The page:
set "line=%%L"
        setlocal enabledelayedexpansion
        set "line=!line:*:=!"
) > file.dos

The trick is to use findstr /n to prefix each line with <line number>:, this avoids skipping of empty lines or lines beginning with ;.
To remove the <number>: the FOR "tokens=1,* delims=:" option can't be used, because this would remove all leading colons in a line, too.

Therefore the line number is removed by set "line=!line:*:=!", this requires EnableDelayedExpansion.
But with EnableDelayedExpansion the line set "line=%%L" would drop all exclamation marks and also carets (only when exclams are in the line).

That's why I disable the delayed expansion before and only enable it for the two lines, where it is required.

The (echo(!line!) looks strange, but has the advantage, that echo( can display any content in !line! and the outer parenthesis avoids accidentials whitespaces at the line end.


For convert UNIX(LF) to Windows(CR-LF) use next command on your windows terminal.

type file.txt > new_file.txt

To convert LF returns to CRLF without causing any tabs to spaces conversion using the more solution, try the find /V command, courtesy of Wikipedia:

find /V "" < input_filename > output_filenam

Like the more answer, this does not do an in-place change. But no external programs needed. The /V says to output any input lines that do not match the pattern of an empty string, and nicely changes the line terminator to the Windows CRLF if needed.


I'm taking an AWS course and have frequently had to copy from text boxes in the AWS web forms to Windows Notepad. So I get the LF-delimited text only on my clipboard. I accidentally discovered that pasting it into my Delphi editor, and then hitting Ctrl+K+W will write the text to a file with CR+LF delimiters. (I'll bet many other IDE editors would do the same).


Late to the party, but I really needed a short, simple, pure Windows solution. Lots of other answers, but I found FOR /F, MORE, FIND etc all failed in various ingenious ways and I didn't want to use an EXE, Python, VBS, Node, etc. And in these modern times the obvious answer has to be PowerShell. So here is my code.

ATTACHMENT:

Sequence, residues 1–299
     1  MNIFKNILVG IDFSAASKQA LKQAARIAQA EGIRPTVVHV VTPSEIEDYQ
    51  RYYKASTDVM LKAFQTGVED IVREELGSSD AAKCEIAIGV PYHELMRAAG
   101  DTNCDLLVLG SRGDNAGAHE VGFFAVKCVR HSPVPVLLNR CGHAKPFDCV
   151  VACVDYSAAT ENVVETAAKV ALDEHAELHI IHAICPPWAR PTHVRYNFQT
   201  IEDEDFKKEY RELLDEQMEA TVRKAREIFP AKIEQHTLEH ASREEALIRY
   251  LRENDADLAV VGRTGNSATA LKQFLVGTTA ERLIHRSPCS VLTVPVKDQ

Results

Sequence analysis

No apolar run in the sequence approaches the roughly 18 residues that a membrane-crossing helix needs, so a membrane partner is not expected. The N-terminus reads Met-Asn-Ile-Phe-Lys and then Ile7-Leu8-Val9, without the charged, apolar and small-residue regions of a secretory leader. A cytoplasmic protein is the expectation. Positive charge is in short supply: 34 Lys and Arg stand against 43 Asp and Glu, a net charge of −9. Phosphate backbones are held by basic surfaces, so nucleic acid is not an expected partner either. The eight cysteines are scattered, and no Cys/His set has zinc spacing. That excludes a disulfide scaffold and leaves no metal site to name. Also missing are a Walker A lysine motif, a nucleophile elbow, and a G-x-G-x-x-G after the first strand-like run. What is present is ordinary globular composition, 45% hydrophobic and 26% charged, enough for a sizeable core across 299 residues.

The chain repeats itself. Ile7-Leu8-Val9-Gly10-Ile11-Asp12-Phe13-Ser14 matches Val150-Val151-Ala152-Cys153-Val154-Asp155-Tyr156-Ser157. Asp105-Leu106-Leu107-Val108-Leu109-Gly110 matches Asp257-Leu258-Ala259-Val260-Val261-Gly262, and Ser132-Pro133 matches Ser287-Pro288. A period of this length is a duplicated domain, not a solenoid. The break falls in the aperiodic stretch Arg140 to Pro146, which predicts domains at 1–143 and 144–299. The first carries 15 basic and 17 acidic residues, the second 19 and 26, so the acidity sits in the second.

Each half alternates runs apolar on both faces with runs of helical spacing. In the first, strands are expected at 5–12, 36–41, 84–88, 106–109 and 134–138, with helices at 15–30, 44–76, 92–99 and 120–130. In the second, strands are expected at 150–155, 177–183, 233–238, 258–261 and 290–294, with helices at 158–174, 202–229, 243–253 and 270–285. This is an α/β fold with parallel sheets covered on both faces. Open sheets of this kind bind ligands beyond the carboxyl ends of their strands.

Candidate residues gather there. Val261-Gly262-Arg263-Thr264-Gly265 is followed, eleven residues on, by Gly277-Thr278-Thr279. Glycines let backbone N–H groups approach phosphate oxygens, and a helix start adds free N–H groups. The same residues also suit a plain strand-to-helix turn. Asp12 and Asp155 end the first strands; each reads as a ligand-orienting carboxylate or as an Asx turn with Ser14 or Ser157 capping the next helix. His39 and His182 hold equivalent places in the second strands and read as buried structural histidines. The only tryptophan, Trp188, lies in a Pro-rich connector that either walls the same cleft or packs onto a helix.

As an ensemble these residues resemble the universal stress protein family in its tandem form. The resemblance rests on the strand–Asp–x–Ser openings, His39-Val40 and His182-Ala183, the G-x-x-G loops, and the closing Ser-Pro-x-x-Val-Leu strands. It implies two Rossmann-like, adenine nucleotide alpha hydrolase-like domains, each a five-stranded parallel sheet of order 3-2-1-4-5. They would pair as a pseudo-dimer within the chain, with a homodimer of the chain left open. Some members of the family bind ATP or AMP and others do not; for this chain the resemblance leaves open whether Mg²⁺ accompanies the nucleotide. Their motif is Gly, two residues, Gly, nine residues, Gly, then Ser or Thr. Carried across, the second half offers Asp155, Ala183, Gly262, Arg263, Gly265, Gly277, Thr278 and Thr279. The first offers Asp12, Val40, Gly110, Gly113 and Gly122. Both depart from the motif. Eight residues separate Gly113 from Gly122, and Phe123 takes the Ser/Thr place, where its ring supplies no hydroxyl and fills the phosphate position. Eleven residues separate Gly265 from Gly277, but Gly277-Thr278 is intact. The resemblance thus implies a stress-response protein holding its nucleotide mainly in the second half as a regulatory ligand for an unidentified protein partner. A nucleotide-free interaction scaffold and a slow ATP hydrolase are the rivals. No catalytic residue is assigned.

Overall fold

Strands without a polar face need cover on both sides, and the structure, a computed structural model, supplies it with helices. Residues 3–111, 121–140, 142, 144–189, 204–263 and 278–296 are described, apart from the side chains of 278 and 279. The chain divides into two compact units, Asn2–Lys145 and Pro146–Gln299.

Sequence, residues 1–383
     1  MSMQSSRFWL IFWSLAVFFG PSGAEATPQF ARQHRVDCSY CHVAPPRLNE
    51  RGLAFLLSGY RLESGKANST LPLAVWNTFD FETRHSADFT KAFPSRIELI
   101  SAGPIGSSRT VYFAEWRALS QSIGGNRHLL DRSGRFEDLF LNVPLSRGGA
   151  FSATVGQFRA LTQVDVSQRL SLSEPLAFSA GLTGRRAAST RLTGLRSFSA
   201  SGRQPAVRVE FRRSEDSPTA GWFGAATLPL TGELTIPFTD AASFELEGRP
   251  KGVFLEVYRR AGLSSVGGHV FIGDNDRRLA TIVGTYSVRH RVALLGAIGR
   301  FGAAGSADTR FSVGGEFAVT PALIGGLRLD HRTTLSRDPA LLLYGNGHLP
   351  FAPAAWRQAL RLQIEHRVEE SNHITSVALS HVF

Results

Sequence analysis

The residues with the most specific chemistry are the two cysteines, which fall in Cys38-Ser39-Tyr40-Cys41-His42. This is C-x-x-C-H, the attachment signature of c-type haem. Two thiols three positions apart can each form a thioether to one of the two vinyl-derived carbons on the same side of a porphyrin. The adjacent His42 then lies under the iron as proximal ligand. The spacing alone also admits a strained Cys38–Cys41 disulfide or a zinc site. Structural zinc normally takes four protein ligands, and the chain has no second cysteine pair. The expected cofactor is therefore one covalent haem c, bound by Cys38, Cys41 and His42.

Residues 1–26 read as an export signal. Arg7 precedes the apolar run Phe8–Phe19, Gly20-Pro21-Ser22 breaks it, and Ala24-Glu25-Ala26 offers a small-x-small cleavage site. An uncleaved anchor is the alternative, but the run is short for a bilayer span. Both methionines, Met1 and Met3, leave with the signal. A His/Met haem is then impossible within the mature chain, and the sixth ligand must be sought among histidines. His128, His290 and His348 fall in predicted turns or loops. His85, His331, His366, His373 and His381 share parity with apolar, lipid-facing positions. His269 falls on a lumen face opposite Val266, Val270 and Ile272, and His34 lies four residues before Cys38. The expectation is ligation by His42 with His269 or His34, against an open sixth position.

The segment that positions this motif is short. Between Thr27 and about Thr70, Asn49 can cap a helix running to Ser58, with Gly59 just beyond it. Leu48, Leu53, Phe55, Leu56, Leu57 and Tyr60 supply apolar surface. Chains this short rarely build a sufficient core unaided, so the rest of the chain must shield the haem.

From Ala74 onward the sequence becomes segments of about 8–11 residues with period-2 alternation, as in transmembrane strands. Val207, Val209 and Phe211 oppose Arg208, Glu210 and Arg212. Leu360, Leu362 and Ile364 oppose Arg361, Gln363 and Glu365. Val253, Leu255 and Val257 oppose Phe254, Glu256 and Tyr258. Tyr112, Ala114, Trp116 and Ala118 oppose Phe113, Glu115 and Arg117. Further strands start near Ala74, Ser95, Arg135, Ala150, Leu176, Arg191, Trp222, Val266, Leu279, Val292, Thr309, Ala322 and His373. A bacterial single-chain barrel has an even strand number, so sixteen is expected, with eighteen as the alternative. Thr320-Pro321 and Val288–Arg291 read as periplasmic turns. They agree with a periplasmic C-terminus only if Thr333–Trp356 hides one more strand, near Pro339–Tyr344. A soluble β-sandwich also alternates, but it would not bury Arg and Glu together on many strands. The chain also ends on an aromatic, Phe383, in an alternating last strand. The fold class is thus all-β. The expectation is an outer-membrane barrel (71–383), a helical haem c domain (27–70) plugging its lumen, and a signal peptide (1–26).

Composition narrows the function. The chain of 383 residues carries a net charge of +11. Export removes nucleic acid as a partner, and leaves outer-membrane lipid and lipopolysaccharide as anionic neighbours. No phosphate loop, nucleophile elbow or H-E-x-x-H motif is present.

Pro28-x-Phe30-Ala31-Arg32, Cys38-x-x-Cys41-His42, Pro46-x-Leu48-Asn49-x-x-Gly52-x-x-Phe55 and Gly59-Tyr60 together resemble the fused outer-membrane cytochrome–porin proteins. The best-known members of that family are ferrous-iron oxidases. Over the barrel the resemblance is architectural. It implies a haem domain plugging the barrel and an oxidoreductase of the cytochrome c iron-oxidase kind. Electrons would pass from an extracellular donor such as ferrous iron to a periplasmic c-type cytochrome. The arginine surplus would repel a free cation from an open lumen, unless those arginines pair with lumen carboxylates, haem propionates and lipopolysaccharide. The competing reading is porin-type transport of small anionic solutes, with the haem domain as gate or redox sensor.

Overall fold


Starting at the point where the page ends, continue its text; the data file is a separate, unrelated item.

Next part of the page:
ls <dir> | %{ (Get-Content $_.FullName) | Set-Content $_.FullName }

Simple huh? Works perfectly with one tiny proviso: it adds a CRLF to the end of the file if there wasn't one. For my purposes that was a bonus, not a problem!


Inserting Carriage Returns to a Text File

@echo off
set SourceFile=%1 rem c:\test\test.txt
set TargetFile=%2 rem c:\test\out.txt

if exist "%TargetFile%" del "%TargetFile%"
for /F "delims=" %%a in ('type "%SourceFile%"') do call :Sub %%a
rem notepad "%TargetFile%"
goto :eof

echo %1 >> "%TargetFile%"
if "%2"=="" goto :eof
goto sub
  • 2
    Actually, it would work if he'd simply use something like (for /f "tokens=*" %%a in (%~1) do @echo.%%a)>"%~2". Jul 10, 2013 at 21:01
  • @AnsgarWiechers Yes, this set TargetFile=%2 rem c:\test\out.txt also needs improvement. And, btw, your "tokens=*" also.
    – Endoro
    Jul 10, 2013 at 21:59
  • 1
    @Endoro REM is a comment in a batch file, you can take out the %1 rem and then give it the specific file you need. As I provided the link, I didn't feel I needed to further document as you were already working with a batch file, correct? Please test it as it does work and it can be integrated into your existing batch files at will. Thanks! Jul 11, 2013 at 15:38
  • Works fine for me in Windows 7. I created a file c:\test\test.txt, with EOL from Unix, in Notepad++. Afterwards, I simply ran the batch file. Again, it's not my code, it is code I slightly modified to not display Notepad? I can show the OP how to make it work as opposed to that last comment. Jul 11, 2013 at 17:46